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Audi & VW to slam brakes on diesel car production under BS-VI norms

Maruti Suzuki India, Mahindra, Tata Motors, Toyota Kirloskar Motor, and Renault India have already stated they would pull the plug on smaller diesel variants

Pavan Lall  |  Mumbai 

Volkswagen
The Volkswagen Group took a call to merge three of its companies in India.

India, the firm which straddles between brands Audi and (VW), will cease to roll out diesel cars under BS-VI norms, for top-selling brands that include the Skoda, VW and Audi, sources familiar with the development said.

When contacted, officials at India said, “There has been a steady shift in customer preference towards petrol-powered vehicles. We will continue to invest and develop its efficient state-of-the-art range of TSI (petrol) engines. We would assess the changing consumer demand and continue to explore all possible engine and fuel options in line with BS-VI requirements.”

India, Mahindra, Tata Motors, Toyota Kirloskar Motor, and Renault India have already stated they would pull the plug on smaller diesel variants (those powered by 1.2-1.3-litre engines). This is due to the high cost of transition.

The move by India could be seen as a demonstration of its strategy and how it reads the market in the months to come, given that BS-VI norms are driving the tech strategies of carmakers. “The VW Group is also wary of it and would potentially aim to limit its exposure to the uncertain demand conditions in post-BS-VI regime,” said Suraj Ghosh, principal analyst (powertrain forecast), IHS Markit. “In its Vision 2.0 strategy, the VW Group is most likely to focus on petrol and electrified powertrain, which is cleaner and has far better image than diesel ones.”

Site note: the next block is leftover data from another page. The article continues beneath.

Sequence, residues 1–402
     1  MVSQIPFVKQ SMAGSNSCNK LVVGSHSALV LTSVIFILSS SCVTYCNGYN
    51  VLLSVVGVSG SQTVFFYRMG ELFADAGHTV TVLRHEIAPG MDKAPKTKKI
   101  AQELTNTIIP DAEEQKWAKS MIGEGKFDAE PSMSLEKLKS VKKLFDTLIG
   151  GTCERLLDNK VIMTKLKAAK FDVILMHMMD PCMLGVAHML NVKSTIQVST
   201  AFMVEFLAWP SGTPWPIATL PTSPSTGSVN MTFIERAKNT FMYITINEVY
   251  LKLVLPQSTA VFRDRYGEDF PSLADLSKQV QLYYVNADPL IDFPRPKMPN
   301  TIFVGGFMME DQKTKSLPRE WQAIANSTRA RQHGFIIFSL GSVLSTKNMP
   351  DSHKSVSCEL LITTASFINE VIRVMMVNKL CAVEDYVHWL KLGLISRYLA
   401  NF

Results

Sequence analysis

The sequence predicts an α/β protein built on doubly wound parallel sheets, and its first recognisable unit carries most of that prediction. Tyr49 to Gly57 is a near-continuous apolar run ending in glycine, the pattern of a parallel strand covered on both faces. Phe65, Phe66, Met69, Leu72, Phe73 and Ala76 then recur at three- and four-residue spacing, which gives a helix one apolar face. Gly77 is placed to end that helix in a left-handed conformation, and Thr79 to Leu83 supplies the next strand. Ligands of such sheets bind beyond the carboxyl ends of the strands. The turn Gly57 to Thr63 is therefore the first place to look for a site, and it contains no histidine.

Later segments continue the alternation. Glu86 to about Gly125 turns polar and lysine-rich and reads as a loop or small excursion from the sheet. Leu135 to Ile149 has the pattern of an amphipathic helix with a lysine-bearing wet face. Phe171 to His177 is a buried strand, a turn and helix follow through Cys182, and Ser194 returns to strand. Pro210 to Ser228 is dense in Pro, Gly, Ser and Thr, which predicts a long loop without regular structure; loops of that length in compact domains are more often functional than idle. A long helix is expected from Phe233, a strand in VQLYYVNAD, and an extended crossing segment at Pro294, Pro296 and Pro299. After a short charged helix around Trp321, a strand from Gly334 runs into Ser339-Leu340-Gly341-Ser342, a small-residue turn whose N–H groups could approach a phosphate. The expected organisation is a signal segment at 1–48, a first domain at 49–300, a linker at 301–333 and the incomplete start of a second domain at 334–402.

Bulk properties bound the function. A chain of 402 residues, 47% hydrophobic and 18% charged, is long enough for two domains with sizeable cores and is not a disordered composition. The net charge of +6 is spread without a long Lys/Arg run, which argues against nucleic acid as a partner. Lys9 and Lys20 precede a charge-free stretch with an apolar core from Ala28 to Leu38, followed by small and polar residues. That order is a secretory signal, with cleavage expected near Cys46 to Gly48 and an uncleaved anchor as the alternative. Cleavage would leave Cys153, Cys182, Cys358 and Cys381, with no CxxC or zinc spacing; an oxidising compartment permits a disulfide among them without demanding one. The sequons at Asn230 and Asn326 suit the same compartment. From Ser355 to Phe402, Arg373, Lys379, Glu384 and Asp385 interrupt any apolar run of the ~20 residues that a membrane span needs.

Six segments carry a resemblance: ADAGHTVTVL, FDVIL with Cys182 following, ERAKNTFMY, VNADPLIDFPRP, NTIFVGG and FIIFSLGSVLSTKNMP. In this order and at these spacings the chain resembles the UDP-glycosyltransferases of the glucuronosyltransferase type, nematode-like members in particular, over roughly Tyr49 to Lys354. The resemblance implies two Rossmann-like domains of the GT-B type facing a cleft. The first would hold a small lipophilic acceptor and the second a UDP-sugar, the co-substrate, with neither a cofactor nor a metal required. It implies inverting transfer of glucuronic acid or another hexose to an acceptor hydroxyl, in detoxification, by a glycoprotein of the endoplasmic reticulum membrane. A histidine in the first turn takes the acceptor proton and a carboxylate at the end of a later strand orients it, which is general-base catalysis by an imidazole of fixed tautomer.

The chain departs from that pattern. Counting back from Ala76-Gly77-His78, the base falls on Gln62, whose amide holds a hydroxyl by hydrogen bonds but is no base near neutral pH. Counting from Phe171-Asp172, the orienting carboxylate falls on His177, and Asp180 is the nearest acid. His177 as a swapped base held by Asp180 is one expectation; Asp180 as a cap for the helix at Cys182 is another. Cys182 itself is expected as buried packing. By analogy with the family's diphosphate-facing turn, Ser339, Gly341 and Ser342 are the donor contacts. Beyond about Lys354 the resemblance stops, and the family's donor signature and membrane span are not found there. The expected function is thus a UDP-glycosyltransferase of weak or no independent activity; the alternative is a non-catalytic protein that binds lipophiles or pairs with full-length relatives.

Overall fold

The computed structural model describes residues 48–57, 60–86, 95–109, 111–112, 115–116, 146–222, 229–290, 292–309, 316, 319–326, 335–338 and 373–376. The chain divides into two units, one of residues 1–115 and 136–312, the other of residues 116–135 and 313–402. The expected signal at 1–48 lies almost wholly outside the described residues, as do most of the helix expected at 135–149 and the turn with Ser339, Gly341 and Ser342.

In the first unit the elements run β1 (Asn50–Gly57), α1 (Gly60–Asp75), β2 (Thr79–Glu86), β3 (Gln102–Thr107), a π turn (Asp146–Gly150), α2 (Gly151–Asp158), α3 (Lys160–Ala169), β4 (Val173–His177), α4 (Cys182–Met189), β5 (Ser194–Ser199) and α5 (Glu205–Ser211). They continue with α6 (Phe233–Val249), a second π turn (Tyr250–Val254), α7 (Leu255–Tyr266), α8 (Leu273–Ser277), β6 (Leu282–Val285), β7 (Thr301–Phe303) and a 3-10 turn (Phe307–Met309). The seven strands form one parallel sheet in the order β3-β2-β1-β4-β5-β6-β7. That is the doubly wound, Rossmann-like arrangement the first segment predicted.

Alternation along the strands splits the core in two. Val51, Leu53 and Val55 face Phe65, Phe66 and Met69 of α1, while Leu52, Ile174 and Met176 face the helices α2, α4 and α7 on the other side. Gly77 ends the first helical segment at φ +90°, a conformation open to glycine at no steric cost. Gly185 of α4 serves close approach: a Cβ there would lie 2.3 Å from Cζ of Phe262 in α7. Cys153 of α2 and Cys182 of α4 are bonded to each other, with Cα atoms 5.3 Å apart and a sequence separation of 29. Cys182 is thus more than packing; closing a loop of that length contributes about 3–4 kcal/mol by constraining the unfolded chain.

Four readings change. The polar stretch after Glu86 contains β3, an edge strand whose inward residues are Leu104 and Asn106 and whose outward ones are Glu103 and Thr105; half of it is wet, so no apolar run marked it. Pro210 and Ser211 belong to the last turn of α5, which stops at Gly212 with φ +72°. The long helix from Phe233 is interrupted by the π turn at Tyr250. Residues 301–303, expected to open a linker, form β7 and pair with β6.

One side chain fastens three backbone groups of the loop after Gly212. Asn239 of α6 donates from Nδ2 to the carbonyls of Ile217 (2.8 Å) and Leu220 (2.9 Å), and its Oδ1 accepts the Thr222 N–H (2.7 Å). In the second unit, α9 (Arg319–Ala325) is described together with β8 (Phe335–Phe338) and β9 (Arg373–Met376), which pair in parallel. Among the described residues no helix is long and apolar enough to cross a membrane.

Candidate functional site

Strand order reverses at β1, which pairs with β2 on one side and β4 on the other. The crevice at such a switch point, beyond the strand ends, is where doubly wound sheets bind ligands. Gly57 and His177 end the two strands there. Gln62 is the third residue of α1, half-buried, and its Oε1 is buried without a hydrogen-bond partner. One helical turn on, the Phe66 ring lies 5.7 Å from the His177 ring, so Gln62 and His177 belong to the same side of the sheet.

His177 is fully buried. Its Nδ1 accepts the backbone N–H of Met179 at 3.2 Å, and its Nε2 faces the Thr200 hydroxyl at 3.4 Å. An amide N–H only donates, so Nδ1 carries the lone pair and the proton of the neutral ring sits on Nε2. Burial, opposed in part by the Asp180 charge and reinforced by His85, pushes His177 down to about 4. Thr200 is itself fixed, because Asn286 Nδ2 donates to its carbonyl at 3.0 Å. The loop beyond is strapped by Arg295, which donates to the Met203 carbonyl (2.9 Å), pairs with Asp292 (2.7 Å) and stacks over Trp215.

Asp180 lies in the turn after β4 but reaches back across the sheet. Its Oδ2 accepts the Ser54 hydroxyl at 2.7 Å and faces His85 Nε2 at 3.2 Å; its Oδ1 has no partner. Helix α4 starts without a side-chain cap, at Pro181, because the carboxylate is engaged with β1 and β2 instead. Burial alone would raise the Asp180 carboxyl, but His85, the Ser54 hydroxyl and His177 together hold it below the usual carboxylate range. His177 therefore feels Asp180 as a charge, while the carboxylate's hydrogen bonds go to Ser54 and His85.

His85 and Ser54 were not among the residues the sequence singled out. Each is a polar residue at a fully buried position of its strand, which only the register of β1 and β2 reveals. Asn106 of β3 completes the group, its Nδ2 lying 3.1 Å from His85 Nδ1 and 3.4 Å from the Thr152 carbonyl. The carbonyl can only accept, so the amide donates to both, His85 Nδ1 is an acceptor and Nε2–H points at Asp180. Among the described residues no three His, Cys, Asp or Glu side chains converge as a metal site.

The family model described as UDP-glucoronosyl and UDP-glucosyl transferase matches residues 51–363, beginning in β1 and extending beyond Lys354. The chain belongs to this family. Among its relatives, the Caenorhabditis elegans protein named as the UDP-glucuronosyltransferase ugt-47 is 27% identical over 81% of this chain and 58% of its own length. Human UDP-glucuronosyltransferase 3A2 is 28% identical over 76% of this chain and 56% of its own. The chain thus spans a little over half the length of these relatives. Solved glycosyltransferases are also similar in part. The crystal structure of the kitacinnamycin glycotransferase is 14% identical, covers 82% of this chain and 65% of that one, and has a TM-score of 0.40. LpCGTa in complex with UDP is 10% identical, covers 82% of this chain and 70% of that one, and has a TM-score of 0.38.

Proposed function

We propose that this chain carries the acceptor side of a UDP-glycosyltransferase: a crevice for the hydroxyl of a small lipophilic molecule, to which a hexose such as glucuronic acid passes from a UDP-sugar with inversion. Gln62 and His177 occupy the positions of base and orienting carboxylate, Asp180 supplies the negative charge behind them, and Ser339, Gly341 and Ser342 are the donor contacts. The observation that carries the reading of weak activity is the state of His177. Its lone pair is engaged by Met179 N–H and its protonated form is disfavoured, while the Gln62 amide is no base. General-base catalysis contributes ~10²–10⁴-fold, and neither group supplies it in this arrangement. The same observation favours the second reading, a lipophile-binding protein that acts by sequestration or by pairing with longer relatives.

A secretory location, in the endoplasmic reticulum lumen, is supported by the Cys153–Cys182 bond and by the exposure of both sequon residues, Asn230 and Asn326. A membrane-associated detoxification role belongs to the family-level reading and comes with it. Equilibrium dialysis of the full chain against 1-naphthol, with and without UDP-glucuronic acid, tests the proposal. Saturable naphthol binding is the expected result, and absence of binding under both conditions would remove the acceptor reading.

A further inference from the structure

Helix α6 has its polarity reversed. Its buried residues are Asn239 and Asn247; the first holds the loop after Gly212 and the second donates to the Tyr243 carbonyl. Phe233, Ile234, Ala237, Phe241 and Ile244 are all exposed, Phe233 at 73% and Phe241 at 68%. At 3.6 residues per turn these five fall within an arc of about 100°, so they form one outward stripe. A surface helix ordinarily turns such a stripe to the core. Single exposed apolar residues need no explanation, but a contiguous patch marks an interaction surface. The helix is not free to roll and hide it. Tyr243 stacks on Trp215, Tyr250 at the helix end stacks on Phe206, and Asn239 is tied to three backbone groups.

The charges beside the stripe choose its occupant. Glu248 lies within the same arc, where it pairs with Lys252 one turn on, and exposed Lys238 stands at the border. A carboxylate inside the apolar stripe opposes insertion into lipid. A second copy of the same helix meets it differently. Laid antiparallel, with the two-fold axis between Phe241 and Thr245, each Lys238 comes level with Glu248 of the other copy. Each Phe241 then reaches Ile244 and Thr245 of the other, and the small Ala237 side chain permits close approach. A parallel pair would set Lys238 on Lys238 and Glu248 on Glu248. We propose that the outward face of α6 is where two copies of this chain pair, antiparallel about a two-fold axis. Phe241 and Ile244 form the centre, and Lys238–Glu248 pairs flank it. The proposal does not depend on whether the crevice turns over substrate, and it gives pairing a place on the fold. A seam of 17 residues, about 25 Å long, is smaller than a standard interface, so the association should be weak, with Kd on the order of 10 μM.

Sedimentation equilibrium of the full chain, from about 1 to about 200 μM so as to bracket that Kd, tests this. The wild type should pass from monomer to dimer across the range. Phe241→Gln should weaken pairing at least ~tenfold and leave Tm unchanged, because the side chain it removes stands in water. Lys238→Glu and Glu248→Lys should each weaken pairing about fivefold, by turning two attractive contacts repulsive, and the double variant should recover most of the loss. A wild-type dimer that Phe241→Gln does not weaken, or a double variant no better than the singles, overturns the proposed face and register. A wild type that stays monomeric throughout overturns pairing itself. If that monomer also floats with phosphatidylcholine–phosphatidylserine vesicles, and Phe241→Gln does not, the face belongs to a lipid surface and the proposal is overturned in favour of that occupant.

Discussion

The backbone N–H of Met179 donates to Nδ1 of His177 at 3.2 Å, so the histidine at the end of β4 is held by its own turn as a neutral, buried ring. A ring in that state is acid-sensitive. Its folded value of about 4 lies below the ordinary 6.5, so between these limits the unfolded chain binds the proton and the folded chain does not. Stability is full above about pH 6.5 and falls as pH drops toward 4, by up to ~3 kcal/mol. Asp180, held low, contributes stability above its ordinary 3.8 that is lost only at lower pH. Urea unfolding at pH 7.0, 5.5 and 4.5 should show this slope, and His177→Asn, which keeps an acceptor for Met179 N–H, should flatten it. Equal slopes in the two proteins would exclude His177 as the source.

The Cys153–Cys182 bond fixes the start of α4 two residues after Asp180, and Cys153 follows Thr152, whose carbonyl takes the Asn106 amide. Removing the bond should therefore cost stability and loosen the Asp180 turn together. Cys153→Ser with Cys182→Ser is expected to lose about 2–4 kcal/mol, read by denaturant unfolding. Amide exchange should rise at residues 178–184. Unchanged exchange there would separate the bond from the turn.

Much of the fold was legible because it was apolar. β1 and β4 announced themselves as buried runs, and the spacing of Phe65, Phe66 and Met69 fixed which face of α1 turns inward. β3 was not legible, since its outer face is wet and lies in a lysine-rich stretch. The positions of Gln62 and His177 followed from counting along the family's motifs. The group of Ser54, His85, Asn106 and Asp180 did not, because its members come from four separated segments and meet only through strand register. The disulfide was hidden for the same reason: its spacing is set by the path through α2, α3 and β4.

Historically, diesel has been cheaper in India than petrol and found favour among buyers, especially fleet operators.

In recent times, studies and multiple reports have shown that diesel fumes are more toxic to the environment and human health than earlier thought. Actually, diesel engines emit several times more particulate matter than petrol engines.

After more than a decade in India, the Group took a call to merge three of its companies in India – Skoda India Auto, India, and Volkswagen Group Sales India – which sell all Volkswagen brand cars, including Audi and Porsche but not Skoda.

The merged entity is now led by Skoda, and its former boss Gurpratap Boparai has started to oversee the new entity, having been designated head of the Volkswagen group.

Despite all the challenges, the Indian market is still viewed as a promising one. “Also, given the recent success of new brands like MG and Kia, the ‘older’ global OEMs are re-vitalising their strategies. This time, they want to get it right,” Ghosh said.

First Published: Wed, March 18 2020. 22:27 IST